Adapt or perish: shipping liberalization reforms essential to export-led economic recovery

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While the topic of shipping liberalization has generally been the subject of frequent and heated debate in 2022, key stakeholders across Sri Lanka’s logistics and export sectors have become increasingly unified in their call for urgent liberalization of the island’s shipping industry, with shipping and freight forwarding agencies being the most immediate requirement.

These reformist sentiments were also voiced out by President Ranil Wickremesinghe at the Sri Lanka Economic Summit, when he called for systemic and sweeping reforms of the shipping and logistics reforms, in order to ensure that Colombo Port becomes the busiest in South Asia. Among the reforms now on the table is liberalization of shipping agencies.      

Typically, the role of a shipping agent includes overseeing and protecting the interests of global shipping lines when their vessels dock at port. This includes ensuring that all in-port arrangements including handling of all relevant documentation are completed.

They are also responsible for loading and off-loading cargo, catering to the needs of the crew, and managing crew transfers, in addition to provisioning essential supplies, and managing all other requirements with domestic port authorities, all while ensuring maximum efficiency – a role which tends to consistently generate lucrative foreign currency revenue for shipping agents.

Those opposed to liberalization typically repeat the same arguments, namely: that the shipping industry is already liberalized except for the “insignificant” business of local shipping agents, which are currently protected from foreign ownership.

Accordingly, they claim that liberalization and opening up to domestic shipping agencies to complete or even partial foreign ownership would risk removing domestic participation in this lucrative business, without securing any significant benefits for the nation.

Conversely, proponents of liberalization have argued that such policies only protect the interest of local shipping agents, while discouraging global shipping lines from engaging with the domestic market, and blocking private sector foreign direct investment into critical infrastructure.

While both camps have been deadlocked for decades, Sri Lanka’s unprecedented economic crisis and urgent need for foreign currency inflows has re-energized arguments in favour of liberalization. Unlike previous instances, liberalization proponents believe that a positive resolution may finally be in sight.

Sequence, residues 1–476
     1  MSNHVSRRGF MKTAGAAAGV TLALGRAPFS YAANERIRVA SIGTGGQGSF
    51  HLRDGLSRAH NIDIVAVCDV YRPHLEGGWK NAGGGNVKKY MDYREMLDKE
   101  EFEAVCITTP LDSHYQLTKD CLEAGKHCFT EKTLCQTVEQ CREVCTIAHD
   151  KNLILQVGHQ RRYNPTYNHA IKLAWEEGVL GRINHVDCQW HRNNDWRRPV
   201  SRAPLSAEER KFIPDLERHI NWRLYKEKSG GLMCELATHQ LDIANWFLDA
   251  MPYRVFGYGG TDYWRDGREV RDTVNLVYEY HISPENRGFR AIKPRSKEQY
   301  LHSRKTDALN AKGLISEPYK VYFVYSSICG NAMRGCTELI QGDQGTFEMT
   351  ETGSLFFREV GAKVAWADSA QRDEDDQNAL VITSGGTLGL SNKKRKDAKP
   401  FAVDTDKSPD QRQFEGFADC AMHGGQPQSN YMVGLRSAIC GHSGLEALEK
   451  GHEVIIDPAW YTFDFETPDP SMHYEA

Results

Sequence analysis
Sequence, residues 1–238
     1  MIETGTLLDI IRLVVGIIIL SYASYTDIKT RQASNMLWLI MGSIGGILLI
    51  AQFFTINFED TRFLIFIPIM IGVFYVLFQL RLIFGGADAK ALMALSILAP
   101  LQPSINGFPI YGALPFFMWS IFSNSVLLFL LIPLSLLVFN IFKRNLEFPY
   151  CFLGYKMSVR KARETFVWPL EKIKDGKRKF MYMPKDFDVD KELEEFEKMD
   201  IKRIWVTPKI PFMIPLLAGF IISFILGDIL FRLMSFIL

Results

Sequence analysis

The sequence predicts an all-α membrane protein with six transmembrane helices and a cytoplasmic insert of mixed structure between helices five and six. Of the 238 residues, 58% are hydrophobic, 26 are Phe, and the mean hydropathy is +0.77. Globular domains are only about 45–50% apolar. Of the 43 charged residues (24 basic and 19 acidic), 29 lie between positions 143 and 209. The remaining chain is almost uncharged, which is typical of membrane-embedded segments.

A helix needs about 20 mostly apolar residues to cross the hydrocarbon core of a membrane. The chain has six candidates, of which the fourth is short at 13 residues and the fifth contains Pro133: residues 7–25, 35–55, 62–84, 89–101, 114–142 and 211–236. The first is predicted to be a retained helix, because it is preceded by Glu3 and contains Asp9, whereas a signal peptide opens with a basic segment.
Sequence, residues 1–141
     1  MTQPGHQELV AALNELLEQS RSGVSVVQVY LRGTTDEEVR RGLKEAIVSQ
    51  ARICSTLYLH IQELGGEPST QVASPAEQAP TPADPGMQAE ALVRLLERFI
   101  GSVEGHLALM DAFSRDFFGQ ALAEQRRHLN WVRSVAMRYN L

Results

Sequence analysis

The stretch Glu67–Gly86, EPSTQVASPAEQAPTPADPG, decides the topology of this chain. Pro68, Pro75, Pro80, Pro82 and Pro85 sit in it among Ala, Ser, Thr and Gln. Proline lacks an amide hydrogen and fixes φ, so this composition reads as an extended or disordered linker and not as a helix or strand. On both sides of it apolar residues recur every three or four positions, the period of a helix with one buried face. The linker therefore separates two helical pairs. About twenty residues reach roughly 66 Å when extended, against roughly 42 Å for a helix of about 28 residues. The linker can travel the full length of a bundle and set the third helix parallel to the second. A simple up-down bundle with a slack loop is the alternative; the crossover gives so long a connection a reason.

Economic reality asserts itself

“Throughout Sri Lanka’s post-independence development, every Government has signalled their ambition to transform our nation into a regional maritime hub. However with the exception of the bold efforts of the late Hon. Mangala Samaraweera, there has never been a Government that was willing to pursue the liberalization policies necessary to facilitate such a transformation. This is no accident, but rather the result of an organised campaign by a very narrow group of entrenched interests to maintain a stifling protectionist regime. 

“The only beneficiaries of such policies have been those who hold agencies with the major shipping lines. But the harsh economic reality we now face as a nation have made it impossible to justify sacrificing the interest of the nation, and the competitiveness of its exporters, exclusively for the benefit of just a few parties. Based on what the President and other key officials have stated in the lead up to Budget 2022 and subsequently, I believe that policy makers are starting to appreciate this fact,” Global Shippers’ Forum Chairman and the  Chairman of the Apparel Logistics Sub-Committee of the Joint Apparel Association Forum of Sri Lanka (JAAF), Sean Van Dort explained.

During his tenure as Minister for Ports and Shipping, Samaraweera had overseen the only contemporary instance of a local agent being opened up for foreign ownership. While it was the only exception to ever be allowed, Van Dort pointed to how this partial liberalization led to approximately Rs. 14 billion of investment at the time entering the Sri Lankan economy, in one of the single largest deals to ever take place in the history of the Colombo Stock Exchange. 

In its wake, he noted that the firm in question has since benefited from an expansion in the scale of its business by several orders of magnitude, making it one of the strongest performing shares on the domestic bourse.

“Foreign ownership brings numerous extremely valuable benefits, and we need not look further than the success of Expolanka, or any of the other logistics hubs that Sri Lanka is competing against to see the proof. By lifting ownership restrictions, we encourage international ship owners to get engaged and invested in Sri Lanka, and properly utilize our location to link up with their global networks. Instead we are currently treated as purely a cost center that feeds regional competitor ports that actively encourage ownership from global shipping lines. The added control that results encourages them to instead treat such ports as profit centers.

“Local shipping agents will of course, claim that we should retain ownership among locals, and instead focus on infrastructure development. But this is not a zero-sum game. We need foreign ownership and investment in order to develop our infrastructure, and our national value proposition. Regardless, these agents have been earning well for decades, yet they have failed to invest their profits back into the industry. Sadly, today Sri Lanka’s economy is in a state where there aren’t enough dollars in the system to make such investments in the first place. Even if we could, the returns would be too distant to make any meaningful impact on our current economic crisis. Liberalisation is the only way forward.” Van Dort argued.